Blind workers learning skills to join the workforce-EnglishHindiBlogs-News

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NEW PORT RICHIE, Florida. Scott Wilson is blind but has light perception.

“That’s why I wear sunglasses because the light gets in the way of my eyes,” he said.

But he still manages to work in that warehouse, lifting boxes and processing supply orders that go to government offices across Florida.

“It becomes more difficult when there are a lot of boxes or clutter around. You must use your cane and feel around. Pretty much when you know where you are, it moves forward,” Wilson said.

This warehouse is part of the Lighthouse for the Visually Impaired and Blind in New Port Richey.

It generates income for the organization, but is also a training ground.

“There is a huge unemployment rate for people who are visually impaired or blind, so we really try to give them skills that they can use and let employers know they are quite capable of doing tasks every day and make sure they get those skills. . the jobs they need,” said Lighthouse CEO Stephanie Pontlitz.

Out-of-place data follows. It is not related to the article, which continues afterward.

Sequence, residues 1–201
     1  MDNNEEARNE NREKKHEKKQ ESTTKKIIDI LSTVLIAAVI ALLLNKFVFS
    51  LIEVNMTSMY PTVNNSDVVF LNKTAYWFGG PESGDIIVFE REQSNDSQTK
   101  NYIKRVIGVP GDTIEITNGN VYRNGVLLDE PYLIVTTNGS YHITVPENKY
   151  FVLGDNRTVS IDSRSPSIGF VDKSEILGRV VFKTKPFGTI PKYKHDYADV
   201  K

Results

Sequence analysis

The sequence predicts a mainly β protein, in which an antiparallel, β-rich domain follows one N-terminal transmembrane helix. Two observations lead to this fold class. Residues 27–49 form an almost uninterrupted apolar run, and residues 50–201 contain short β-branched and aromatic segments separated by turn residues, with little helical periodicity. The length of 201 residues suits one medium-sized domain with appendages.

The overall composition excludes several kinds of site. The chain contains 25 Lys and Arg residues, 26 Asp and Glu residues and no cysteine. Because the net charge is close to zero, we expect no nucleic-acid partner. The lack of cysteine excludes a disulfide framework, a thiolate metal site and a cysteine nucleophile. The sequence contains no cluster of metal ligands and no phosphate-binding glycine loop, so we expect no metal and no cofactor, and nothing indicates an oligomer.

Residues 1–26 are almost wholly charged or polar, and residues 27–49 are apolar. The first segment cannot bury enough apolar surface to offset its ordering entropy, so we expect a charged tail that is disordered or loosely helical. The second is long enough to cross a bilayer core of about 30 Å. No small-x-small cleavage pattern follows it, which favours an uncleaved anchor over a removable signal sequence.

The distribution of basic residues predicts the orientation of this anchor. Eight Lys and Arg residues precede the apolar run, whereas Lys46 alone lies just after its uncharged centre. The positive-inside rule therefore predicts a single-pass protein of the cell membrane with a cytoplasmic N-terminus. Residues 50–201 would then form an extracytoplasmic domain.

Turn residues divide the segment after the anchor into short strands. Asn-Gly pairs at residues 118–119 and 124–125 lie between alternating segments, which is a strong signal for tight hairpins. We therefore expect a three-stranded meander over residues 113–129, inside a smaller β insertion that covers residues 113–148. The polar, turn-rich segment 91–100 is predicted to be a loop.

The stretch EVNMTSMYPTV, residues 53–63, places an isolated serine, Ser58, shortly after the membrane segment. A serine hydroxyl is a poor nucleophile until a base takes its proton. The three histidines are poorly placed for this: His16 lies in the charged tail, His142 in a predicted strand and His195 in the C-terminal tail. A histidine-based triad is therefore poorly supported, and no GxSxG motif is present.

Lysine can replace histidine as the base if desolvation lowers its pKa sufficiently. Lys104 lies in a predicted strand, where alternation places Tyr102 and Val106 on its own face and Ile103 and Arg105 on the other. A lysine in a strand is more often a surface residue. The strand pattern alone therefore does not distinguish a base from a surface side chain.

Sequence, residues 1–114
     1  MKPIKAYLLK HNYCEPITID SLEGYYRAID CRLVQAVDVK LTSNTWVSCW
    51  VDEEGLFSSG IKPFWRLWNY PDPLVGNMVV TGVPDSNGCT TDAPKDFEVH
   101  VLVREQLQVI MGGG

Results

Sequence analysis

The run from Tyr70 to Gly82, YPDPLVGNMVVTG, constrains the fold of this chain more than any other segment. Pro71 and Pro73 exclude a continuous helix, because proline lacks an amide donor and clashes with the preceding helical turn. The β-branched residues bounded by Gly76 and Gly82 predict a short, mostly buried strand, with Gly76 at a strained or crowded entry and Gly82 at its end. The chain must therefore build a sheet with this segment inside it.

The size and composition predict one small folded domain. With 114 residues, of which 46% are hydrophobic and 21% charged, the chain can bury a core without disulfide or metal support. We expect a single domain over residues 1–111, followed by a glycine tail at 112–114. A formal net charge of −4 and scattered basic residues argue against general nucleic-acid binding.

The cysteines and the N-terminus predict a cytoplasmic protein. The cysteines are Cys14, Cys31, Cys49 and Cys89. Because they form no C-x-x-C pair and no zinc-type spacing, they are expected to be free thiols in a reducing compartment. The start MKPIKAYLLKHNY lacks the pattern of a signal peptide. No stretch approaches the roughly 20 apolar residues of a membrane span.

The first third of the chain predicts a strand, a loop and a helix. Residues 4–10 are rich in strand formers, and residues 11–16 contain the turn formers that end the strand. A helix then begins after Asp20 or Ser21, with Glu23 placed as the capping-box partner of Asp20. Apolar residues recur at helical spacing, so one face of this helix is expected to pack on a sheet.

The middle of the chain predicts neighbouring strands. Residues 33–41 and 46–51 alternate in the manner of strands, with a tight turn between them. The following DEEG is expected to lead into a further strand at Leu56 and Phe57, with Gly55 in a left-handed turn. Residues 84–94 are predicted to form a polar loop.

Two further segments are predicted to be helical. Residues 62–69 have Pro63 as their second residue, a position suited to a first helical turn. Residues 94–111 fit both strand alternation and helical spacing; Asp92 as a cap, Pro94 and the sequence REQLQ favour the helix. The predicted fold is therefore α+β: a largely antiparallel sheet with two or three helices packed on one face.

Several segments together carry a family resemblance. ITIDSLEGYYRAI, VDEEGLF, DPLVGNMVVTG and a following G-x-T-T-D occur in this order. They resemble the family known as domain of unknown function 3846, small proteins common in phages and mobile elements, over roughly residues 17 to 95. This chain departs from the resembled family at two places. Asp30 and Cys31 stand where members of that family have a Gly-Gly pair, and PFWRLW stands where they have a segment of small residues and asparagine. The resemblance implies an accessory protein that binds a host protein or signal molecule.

Marlies Newhouse also works at the warehouse.

“I have had macular degeneration for most of my life,” Newhouse said.

She uses this magnifying glass to read order forms.

“This is how many trash bags we should have. So, I’ll give Scott the number and he’ll come down and feel the braille, and then I’ll tell him how much we need,” she said.

“They can do almost anything until you ask them to drive. It does so much for their self-esteem. Yes, it’s great for their wallet because now they can pay rent and don’t have to live at home. But see them light up. They really want to work,” Pontlitz said.

Scott not only works, but also teaches this to others.

He said there are many opportunities to work from home if the blind learn to use technology.

“They are incredible employees. Hardworking. Loyal. I couldn’t ask for a better staff,” Pontlitz said.

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